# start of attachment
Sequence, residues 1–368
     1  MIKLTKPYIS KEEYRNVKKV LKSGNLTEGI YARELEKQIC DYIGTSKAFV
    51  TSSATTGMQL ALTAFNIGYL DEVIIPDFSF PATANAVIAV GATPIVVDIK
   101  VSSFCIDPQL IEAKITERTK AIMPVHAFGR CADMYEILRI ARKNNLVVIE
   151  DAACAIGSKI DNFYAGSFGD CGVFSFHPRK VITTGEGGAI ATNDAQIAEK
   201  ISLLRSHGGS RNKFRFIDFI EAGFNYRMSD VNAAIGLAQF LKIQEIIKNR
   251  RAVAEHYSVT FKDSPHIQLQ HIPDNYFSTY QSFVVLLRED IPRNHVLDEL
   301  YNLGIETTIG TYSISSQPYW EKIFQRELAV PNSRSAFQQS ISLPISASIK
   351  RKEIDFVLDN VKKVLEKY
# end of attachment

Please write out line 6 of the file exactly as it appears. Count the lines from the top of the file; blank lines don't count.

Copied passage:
   201  ISLLRSHGGS RNKFRFIDFI EAGFNYRMSD VNAAIGLAQF LKIQEIIKNR